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Fertilizer companies have felt the pain of global monetary chaos, but as indicators lag, some potash equities are positioned ahead of the curve for big gains. Richard Kelertas believes investors need to be sharpe..

11 Nov 2011

Fertilizer companies have felt the pain of global monetary chaos, but as indicators lag, some potash equities are positioned ahead of the curve for big gains. Dundee Capital Markets Vice President and Senior Financial Analyst Richard Kelertas believes investors need to be sharpening their pencils and establishing positions. In this exclusive interview Kelertas shares his best names.

Companies Mentioned: Agrium Inc. - Allana Potash Corp. - BHP Billiton Ltd. - CF Industries Holdings Inc. - Intrepid Potash Inc. - Karnalyte Resources Inc. - Passport Potash Inc. - Potash Corp. - Terra Nitrogen Co., L.P. - The Mosaic Company - Verde Potash

The Energy Report: There's been damage done to potash stocks over the past six months. Why?

Richard Kelertas: Macro issues have hurt all commodities. When the world is worried about its next breath, all these stocks get hit very hard. We've had the Euro crisis and then the Greek debt crisis since these stocks peaked in summer. Also, I think there were expectations that North America and Europe would emerge from the last serious recession with half-decent growth going forward, and that recovery would be moderate, measured and continual from 2010 all the way up to 2013–2014. That's now been interrupted by macro events, and the odds that they will be quickly resolved is almost nil. We are going to have to deal with slower economic growth worldwide, not just in the eurozone and North America, but also in China and all of Asia because it's all interdependent.

We will also have to expect that the consumer will be drawn back a bit, both in Western societies where food is a necessity and a luxury, and in developing economies where it is a necessity. So, high-end food values, high-end organics and food stocks that are higher priced will be under pressure. That means lower requirements for meats, which means that the farmer may be cutting back on his crop output.

TER: Can you make a case for growth in potash consumption?

RK: For the next six months, I expect flat growth. Prices and volumes have retreated slightly. Inventories dropped in October. That's good news. I expect prices will be flat to down.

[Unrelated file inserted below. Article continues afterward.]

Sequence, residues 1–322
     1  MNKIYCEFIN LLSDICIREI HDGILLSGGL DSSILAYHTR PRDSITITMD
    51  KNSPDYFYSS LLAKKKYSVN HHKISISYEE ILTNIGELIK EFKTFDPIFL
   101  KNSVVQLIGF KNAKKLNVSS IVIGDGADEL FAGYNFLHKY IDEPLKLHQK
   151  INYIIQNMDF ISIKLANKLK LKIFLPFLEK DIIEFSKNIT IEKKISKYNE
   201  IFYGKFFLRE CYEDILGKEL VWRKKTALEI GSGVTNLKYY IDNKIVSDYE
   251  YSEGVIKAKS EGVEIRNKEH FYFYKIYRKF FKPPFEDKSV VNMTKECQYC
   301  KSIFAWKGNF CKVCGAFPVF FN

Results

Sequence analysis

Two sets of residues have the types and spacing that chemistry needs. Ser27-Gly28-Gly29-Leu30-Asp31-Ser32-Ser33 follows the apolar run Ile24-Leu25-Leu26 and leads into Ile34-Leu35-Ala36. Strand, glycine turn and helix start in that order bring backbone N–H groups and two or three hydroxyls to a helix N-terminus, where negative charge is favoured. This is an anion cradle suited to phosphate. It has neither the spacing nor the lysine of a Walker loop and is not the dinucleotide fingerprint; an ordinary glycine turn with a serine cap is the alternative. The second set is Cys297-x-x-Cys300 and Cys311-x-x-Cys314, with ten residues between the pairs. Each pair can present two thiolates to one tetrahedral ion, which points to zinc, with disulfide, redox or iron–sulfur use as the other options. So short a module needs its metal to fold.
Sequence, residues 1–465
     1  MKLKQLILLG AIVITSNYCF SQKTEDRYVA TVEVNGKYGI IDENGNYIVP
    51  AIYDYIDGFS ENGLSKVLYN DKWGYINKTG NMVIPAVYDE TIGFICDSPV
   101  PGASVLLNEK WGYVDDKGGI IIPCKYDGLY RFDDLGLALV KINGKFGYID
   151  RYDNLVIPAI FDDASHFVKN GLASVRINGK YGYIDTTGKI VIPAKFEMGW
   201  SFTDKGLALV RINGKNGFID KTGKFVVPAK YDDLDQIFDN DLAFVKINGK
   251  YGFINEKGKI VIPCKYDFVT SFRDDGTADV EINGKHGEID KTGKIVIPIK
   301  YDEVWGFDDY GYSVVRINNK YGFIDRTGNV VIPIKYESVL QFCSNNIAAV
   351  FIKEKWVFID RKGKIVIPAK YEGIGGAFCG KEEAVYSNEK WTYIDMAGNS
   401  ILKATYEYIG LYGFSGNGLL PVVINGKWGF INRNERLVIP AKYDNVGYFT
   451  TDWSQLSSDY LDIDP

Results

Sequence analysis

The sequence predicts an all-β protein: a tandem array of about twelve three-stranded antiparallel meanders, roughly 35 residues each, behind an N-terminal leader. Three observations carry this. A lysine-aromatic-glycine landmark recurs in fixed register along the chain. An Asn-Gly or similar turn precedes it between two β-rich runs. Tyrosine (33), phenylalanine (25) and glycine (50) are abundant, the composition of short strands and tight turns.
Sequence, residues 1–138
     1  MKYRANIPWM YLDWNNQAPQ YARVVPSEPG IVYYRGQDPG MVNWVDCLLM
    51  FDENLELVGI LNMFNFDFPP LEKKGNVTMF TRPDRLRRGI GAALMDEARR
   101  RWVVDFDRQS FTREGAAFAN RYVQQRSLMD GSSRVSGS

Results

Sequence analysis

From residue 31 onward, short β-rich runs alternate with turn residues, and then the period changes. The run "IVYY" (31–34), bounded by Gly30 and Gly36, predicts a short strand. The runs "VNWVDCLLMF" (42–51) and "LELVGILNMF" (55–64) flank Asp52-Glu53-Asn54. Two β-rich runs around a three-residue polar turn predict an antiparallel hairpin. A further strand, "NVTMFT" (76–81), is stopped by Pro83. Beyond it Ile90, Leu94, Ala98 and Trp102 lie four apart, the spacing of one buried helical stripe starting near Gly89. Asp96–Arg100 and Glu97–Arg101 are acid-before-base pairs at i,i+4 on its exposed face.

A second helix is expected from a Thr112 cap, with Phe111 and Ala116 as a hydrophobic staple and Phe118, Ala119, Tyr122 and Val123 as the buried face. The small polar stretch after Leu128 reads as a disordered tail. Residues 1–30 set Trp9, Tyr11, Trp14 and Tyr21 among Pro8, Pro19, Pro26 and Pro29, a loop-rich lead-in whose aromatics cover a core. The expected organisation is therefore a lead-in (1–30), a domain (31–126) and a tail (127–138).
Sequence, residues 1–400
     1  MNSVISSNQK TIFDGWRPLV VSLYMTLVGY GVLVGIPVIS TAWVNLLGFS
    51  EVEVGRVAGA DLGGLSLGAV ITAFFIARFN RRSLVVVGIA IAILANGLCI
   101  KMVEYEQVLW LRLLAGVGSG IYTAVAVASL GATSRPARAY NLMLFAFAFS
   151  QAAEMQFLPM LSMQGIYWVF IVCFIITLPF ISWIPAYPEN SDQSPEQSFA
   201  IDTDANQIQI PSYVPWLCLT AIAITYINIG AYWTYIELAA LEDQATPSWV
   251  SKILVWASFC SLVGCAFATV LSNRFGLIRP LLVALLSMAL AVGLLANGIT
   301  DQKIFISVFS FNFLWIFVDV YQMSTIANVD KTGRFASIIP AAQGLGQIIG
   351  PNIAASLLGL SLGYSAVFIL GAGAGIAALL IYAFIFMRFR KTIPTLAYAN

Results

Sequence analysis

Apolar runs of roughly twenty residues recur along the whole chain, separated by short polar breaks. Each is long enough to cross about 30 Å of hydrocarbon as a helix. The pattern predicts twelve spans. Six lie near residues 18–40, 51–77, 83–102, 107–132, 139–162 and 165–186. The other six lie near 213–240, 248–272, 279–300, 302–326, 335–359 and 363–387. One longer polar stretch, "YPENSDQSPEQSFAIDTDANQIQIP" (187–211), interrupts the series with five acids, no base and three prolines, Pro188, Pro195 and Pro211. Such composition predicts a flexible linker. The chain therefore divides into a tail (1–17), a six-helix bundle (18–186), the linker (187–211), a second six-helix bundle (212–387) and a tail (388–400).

However, if Europe's debt crisis and low North American growth are resolved in the next 6–12 months, we could then see Asian export nations gear up again. That means that their diets will improve again, and crop prices and speculation in crop price increases going forward will pick up. That will happen sooner than six months in the futures market, but at the same time my expectation is that the next six months are going to be slow.

Within the next year, we should see some growth return. That will be composed of three components: Farmers will use potash at normal levels and growth will be reflected in shipments and prices. Lands that will be brought back into production will expand demand. This is fallow or abandoned agricultural land throughout the world, especially in Africa, that has been bought up by either investment pools or sovereign wealth funds or specialty farm land managers.

In the grand scheme of things that doesn't seem to be a lot in terms of the total farmland area throughout the world; however, potash application rates will be much higher than normal because you are bringing it from infertility to fertility levels. So, we could see a substantial push and it will show up in perhaps a 0.5–0.75% increase in potash demand worldwide.

TER: Are you able to venture a forecast on the price of potash?

RK: My international price forecast, the Vancouver export price, is about $450–465 per ton (/t) right now. For 2012 we expect an average price of $505/t and then moving to $520/t average price in 2013. The peak price in 2013 should be around $650/t, maybe $625/t. But, it won't be as high as the $700-725/t that I thought may take place when I made that forecast a year ago.

TER: Are fertilizer prices leading or lagging economic indicators?

RK: They are lagging indicators. We need to see economic activity pickup first. The mood of farmers is always pretty gloomy, and getting them to change their view on world markets requires crop prices to move. But, crop prices won't move really unless you see economic activity pickup.